What type of implants are successful? What are the possible side effects of a rhinoplasty implants? Is rhinoplasty implant surgery reversible?
Are there other options beside implants for an Asian rhinoplasty?
Doctor Answers (7)
Options for Asian rhinoplasty
The best implants for Asian rhinoplasty are silastic implants. This gives a moderate augmentation to the nasal bridge, which is often required for this type of ethnic nose surgery. If only a very small amount of bridge augmentation is desired a simple one-layer piece of septal cartilage can be used to augment the nasal bridge. The side effects of a silastic implant into the nose is; a very small percentage can become infected or rejected over time, they can shift, move, or migrate, but usually only within the first couple of weeks after the procedure. We do not recommend any injectable fillers placed in the nose.
Web reference: http://seattlefacial.com
Are there other options besides implants for Asian Rhinoplasty?
Yes, there are but sadly, not good ones IMHO. Nasal cartilage (septal) is too short to build up the entire nasal bridge length. Conchal ear cartilage is curveed and when folded has a tendency to dissolve unevenly. Rib cartilage, bone and banked irradiated cartilage all have the same tendency to dissolve unevenly which has been reported in the medical literature.
That leaves man made implants and grafts, the safest of which IMO are the straight silastic dorsal grafts which are what I use to build up the nasal bridge in Asian and other type Rhinoplasty where it's required . Hope this helps.
Web reference: http://www.drfpalmer.com
A variety of options will achieve your goal.
Asian rhinoplasty is typically different than other rhinoplasties in that it usually involves building up the nose rather than making it smaller. Oftentimes because of simplicity, this is done with implants to the dorsum of the nose which have a fairly good safety record. Nevertheless, there are many surgeons who advocate using the patient’s own tissue because of increased safety. A variety of options exist for augmenting the nasal dorsum. These include septal cartilage, auricular (ear cartilage) and rib grafts. Of these, septal cartilage offers the advantage of being in the same surgical site as the rhinoplasty. In addition, patients undergoing rhinoplasty are often having their septum addressed either for improvement of breathing or for harvest of cartilage for other uses in the rhinoplasty procedure. With today’s rhinoplasty techniques, the options for improvement of all nasal types have increased.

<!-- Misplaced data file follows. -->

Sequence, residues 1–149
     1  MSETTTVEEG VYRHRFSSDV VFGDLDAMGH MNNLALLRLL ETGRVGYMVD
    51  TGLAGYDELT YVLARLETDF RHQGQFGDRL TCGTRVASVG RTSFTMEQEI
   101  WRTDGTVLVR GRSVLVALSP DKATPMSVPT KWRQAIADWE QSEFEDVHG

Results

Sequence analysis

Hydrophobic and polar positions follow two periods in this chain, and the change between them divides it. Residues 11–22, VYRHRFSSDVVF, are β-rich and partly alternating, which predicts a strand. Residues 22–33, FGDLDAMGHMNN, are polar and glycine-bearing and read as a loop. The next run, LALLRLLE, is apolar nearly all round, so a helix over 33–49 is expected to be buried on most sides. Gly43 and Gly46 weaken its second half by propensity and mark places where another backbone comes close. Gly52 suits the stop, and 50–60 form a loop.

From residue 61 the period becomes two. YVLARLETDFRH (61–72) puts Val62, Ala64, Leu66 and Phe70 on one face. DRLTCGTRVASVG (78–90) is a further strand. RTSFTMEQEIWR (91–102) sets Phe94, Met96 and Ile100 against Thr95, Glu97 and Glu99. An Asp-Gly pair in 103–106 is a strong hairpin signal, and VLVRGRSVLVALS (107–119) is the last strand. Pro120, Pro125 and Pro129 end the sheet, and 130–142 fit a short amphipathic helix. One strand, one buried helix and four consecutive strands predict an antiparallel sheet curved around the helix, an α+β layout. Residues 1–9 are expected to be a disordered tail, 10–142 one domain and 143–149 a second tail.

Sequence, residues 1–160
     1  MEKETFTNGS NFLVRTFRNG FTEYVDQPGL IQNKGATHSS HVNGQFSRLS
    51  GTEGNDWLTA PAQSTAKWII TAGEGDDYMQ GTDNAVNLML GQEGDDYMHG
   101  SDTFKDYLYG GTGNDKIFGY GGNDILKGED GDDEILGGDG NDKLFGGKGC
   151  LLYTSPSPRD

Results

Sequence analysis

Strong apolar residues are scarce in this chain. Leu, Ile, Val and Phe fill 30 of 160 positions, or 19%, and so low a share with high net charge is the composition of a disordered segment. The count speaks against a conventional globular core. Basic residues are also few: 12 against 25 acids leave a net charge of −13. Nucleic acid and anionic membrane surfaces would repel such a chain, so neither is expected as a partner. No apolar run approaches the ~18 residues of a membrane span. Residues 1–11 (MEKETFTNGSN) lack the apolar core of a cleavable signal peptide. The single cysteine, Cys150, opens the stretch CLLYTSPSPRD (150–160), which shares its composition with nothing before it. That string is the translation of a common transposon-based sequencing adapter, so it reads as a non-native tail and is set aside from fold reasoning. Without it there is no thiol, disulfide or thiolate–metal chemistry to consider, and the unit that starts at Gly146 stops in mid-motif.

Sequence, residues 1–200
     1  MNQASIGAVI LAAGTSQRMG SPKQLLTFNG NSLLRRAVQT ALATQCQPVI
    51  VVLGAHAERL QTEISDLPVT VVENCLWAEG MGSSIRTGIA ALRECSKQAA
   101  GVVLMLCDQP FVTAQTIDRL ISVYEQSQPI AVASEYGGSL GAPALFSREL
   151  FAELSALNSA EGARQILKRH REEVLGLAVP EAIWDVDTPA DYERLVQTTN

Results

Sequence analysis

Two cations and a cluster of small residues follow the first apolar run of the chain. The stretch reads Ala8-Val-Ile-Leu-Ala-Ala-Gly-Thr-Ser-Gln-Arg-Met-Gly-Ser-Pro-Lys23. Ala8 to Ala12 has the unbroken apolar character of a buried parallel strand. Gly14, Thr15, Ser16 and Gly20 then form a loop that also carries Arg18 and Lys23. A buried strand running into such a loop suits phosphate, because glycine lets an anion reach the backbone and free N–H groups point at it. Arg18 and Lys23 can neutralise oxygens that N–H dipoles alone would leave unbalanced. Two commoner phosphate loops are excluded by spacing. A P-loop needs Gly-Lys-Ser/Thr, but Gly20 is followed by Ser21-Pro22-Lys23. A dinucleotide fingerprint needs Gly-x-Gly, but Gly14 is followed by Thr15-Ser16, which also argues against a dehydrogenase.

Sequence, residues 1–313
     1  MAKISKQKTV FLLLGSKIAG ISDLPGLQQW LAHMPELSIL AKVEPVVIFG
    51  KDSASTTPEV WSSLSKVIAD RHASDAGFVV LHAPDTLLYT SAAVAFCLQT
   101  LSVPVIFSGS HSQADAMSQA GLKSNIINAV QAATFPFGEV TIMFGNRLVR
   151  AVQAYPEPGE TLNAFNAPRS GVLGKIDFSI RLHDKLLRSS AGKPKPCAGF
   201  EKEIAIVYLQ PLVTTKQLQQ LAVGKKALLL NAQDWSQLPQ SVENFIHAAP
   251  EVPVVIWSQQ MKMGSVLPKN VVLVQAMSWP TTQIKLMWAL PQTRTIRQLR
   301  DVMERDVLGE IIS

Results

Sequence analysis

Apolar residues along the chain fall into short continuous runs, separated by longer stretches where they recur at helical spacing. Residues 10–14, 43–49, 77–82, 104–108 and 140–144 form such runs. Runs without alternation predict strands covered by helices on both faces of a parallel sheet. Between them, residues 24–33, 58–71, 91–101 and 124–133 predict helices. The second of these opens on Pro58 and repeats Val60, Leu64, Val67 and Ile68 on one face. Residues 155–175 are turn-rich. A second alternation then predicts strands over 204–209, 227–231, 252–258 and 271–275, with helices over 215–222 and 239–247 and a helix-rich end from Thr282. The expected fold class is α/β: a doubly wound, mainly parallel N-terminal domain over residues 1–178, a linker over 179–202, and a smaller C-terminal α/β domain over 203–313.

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Implants and Rhinoplasty
I avoid using artificial implants as I have seen many complications arise with their use. The implant may result in asymmetry, rejection and/or infection. I prefer to use one's natural tissue, as it is more readily accepted by the body and yields a more natural result. The implant may be taken out down the road if necessary, but it is best to avoid this if you can. Thank you, and best of luck to you.
I am not a big fan of artificial nasal implants. These are prone to infection and tissue compromise. I try to use the patients own tissue i.e. Nasal or ear cartilage wrapped in temporalis fascia for mild to moderate cases and rib cartilage for more severe deformities. See a board certified plastic surgeon for your options. Donald R. Nunn MD Atlanta Plastic Surgeon.
Any implant can be taken out. Some are more difficult than others. Gortex is my favorite if ther is not enough cartilage. Silcone is also quite popular.
Web reference: http://www.drbray.com
Implants are commonly used to augment the Asian nasal bridge. These artificial materials , however, do carry the risk of infection or extrusion at any time in the future. For that reason your own cartilage grafts can also be used, especially for smaller augmentations. The risk of native cartilage extruding or getting infected is minimal.Cartilage grafts can become irregular, and add to the lenth of surgery, but are regarded as the safest long term augmentation material.
These answers are for educational purposes and should not be relied upon as a substitute for medical advice you may receive from your physician. If you have a medical emergency, please call 911. These answers do not constitute or initiate a patient/doctor relationship.
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